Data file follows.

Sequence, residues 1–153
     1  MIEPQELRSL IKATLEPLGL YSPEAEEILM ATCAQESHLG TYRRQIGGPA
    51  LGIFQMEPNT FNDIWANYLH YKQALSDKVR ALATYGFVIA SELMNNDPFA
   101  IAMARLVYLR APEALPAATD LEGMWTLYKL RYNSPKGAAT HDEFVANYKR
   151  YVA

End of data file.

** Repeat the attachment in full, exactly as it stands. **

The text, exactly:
Sequence, residues 1–153
     1  MIEPQELRSL IKATLEPLGL YSPEAEEILM ATCAQESHLG TYRRQIGGPA
    51  LGIFQMEPNT FNDIWANYLH YKQALSDKVR ALATYGFVIA SELMNNDPFA
   101  IAMARLVYLR APEALPAATD LEGMWTLYKL RYNSPKGAAT HDEFVANYKR
   151  YVA